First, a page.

Our children are giddy. Ecstatic.
“I’m so happy to be back, Mom!”
The congested streets and red-dirt-covered scenes around us flood us with familiarity. Knowing the schedules and the shops and how to make a plan. Jostling crowds at check outs. No queues, only clumps. My elbows popping out to stake our claim in the semblance of a line.
Greetings from the ARA staff we have known since our beginnings here. Richard, Mary, George, Robert --all friends for nearly 15 years.
Early rising, long breakfasts, leisurely coffee and strong equatorial sun that warms me to my soul.
Roosters crowing, children crying, horns honking, stereos blaring.
Tomorrow we travel the last stretch of road taking us back to our house. We can’t wait to hug our dogs and unpack our bags and put up our Christmas tree. We can’t wait to back cookies and make coffee and settle back into our family schedule.
Our life of the last 17 years has had many departures. And I survive each one by thinking of the return at the end of the journey. Return to the States. Return to our Africa home.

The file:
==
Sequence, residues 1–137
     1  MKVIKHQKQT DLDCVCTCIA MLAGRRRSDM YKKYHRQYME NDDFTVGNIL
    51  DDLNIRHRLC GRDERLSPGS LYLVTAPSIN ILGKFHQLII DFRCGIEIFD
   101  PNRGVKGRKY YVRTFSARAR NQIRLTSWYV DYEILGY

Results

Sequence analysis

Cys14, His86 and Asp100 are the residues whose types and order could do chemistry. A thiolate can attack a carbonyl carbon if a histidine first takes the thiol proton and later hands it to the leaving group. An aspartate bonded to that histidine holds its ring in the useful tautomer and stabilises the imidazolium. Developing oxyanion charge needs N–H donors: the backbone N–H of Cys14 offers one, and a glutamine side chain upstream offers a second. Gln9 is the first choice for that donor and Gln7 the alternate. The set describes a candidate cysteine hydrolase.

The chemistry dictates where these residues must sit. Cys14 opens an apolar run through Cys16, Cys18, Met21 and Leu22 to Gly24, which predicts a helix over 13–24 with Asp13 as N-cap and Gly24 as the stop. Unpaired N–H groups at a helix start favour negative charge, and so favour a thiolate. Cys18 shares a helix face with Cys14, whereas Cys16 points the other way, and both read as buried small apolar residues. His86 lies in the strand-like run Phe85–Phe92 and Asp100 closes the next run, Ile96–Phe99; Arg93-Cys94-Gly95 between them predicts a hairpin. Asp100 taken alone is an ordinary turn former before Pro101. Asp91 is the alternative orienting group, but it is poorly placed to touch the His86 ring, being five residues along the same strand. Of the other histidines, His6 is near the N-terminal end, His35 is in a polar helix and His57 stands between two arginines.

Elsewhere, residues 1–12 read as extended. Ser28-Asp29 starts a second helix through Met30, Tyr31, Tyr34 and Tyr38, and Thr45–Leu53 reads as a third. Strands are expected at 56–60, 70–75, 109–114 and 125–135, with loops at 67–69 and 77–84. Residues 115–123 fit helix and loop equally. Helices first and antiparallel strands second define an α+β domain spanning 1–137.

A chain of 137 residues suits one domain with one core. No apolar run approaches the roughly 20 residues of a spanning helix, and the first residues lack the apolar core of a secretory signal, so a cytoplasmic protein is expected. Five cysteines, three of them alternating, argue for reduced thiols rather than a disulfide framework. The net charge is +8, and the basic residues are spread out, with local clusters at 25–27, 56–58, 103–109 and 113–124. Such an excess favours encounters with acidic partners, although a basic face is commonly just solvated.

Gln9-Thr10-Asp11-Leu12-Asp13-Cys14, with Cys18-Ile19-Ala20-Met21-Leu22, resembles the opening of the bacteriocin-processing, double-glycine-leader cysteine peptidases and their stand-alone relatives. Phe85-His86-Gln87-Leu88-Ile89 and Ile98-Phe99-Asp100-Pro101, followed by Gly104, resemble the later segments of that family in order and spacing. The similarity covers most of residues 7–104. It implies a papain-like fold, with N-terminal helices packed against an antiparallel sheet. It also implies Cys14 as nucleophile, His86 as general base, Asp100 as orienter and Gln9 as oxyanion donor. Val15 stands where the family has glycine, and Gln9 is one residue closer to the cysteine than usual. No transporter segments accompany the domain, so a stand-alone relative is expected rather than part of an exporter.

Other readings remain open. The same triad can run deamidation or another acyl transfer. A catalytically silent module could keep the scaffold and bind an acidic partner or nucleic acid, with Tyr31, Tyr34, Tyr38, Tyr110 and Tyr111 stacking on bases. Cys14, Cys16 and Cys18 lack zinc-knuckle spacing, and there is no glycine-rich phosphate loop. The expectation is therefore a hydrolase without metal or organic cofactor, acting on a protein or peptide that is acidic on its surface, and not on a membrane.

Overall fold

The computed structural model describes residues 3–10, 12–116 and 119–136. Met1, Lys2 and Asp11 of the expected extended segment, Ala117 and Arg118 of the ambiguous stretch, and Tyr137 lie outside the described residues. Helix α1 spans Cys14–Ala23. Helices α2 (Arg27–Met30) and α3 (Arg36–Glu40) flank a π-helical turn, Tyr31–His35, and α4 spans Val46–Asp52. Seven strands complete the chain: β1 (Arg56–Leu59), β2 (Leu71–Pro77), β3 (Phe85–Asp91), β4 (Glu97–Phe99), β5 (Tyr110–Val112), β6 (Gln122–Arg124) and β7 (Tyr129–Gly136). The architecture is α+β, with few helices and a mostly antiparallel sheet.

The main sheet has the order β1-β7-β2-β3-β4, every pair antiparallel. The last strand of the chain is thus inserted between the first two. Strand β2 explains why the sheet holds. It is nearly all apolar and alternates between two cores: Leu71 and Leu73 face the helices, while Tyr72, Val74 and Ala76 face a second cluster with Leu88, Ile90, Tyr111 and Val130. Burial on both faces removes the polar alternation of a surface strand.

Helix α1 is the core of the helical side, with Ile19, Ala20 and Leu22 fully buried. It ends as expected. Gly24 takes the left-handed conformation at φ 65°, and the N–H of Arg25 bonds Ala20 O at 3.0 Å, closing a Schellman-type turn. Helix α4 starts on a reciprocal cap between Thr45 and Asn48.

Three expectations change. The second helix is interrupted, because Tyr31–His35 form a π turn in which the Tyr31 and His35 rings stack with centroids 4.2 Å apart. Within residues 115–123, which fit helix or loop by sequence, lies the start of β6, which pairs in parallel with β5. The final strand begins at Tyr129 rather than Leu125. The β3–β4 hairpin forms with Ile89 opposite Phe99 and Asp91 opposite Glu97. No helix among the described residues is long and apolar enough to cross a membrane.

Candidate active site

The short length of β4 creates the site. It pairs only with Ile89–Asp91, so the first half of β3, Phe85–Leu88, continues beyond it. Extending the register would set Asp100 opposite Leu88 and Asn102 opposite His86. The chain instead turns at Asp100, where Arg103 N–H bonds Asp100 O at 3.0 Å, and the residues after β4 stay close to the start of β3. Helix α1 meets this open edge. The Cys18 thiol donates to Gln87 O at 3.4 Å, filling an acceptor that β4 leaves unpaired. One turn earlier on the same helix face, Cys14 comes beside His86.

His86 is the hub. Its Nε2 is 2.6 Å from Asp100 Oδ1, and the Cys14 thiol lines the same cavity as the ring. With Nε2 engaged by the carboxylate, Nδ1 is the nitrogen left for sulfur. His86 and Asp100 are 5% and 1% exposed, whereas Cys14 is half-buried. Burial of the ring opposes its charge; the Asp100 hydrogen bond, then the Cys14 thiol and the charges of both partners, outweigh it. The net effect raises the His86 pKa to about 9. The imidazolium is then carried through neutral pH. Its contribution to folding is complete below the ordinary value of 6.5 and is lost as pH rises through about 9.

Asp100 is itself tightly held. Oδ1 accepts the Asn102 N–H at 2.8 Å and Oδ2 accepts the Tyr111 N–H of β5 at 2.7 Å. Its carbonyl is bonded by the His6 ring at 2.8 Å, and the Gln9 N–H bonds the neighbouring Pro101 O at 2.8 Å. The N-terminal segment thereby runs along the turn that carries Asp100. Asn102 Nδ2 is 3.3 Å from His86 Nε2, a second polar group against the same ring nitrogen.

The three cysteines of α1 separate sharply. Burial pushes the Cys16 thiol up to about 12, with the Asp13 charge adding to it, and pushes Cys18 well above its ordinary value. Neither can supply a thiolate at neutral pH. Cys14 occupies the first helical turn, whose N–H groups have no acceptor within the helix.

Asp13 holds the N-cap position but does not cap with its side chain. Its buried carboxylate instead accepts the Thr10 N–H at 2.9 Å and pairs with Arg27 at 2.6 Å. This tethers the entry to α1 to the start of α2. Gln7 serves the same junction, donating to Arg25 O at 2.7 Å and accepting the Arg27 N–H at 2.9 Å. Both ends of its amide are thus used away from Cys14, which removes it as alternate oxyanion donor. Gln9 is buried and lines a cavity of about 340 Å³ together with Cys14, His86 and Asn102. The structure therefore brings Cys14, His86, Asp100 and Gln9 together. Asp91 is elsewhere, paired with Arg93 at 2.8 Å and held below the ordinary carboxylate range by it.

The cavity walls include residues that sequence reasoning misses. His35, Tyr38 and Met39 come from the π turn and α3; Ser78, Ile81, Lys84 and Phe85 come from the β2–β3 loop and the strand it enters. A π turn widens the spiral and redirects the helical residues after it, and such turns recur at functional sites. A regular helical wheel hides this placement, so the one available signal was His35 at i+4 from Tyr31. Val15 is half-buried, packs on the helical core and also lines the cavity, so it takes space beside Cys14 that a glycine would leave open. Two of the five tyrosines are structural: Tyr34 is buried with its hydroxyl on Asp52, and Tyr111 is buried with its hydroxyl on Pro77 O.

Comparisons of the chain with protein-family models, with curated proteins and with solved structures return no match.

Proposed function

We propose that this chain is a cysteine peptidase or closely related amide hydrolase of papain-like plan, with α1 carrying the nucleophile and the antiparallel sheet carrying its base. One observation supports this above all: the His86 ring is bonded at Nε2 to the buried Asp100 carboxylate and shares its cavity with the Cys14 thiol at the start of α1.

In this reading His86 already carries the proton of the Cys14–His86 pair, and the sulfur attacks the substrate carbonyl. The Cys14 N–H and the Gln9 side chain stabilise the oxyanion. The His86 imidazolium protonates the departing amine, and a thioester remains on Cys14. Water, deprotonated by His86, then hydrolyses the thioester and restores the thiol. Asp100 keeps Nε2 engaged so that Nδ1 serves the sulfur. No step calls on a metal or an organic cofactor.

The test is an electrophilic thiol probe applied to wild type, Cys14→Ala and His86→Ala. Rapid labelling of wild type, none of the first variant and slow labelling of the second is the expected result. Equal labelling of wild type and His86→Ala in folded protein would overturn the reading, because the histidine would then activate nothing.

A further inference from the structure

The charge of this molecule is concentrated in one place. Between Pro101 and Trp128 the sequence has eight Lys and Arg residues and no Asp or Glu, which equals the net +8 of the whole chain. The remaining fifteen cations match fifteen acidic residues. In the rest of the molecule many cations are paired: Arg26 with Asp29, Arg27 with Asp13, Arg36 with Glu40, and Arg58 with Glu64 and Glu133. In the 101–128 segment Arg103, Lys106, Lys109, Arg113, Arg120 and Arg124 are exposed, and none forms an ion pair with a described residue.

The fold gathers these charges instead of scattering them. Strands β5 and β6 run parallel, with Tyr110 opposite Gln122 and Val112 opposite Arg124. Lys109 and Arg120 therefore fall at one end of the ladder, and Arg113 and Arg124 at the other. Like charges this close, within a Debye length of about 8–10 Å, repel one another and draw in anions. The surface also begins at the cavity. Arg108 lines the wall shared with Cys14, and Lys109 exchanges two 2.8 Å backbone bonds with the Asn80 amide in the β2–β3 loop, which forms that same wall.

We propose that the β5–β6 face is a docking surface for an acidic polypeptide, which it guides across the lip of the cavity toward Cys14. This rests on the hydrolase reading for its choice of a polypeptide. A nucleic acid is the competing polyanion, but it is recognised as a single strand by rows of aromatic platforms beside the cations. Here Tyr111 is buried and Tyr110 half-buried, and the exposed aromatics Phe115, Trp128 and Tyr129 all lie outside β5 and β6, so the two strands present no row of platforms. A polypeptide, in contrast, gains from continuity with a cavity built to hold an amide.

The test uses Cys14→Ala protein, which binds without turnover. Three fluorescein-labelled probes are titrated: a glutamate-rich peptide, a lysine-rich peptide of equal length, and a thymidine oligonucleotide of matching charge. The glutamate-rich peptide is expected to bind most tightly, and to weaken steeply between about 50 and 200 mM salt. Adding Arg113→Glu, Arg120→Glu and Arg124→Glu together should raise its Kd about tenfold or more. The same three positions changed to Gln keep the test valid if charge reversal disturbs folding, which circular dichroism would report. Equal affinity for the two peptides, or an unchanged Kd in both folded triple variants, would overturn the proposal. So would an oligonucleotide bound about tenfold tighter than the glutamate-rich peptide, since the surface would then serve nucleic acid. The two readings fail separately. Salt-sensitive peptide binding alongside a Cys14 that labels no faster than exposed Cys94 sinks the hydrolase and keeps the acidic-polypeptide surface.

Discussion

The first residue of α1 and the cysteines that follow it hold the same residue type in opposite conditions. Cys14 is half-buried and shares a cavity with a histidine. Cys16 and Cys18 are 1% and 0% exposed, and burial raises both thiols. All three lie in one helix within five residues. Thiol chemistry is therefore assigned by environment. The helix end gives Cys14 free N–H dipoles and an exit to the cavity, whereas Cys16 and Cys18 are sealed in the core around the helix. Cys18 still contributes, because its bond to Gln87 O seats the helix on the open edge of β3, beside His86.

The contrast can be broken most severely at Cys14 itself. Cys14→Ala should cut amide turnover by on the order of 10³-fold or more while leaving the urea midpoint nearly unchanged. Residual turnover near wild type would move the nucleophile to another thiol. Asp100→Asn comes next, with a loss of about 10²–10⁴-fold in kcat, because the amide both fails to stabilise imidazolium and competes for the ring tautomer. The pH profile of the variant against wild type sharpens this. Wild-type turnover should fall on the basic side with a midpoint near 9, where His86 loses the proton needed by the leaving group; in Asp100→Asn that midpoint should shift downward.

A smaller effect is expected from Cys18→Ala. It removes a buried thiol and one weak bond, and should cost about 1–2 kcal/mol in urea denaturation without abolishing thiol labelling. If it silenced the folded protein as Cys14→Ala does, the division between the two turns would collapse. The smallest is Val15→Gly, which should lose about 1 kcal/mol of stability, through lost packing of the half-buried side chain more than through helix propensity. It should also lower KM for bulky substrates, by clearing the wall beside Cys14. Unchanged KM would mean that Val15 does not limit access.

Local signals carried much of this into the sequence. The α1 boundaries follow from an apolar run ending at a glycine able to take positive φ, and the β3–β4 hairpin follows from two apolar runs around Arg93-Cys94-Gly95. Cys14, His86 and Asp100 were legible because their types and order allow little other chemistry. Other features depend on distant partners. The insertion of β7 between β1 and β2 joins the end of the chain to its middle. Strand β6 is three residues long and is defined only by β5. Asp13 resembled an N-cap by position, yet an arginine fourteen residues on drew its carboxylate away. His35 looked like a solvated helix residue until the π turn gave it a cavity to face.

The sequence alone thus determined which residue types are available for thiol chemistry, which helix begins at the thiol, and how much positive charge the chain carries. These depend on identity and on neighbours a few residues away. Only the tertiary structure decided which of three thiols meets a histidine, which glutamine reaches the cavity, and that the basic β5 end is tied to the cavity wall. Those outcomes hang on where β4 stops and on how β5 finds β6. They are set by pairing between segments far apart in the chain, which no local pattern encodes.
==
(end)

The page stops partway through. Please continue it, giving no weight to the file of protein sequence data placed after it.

I prefer the end of the trip to the actual journey. I’m trying to learn how to experience the journey better. But the truth is, I like the completion of just about anything above the process itself. Lord have mercy. I still have so much to learn.
The “processes” and journey of the last several years have rendered me silent in this corner of cyber space. I return today not because anything has been completed. I return to practice, in the scratching of words, joy in the journey. Celebration of the process. Where is God filling and saving and healing in this broken life?
With dogs barking, and unpacked bags beckoning, I return.
It is good to be back.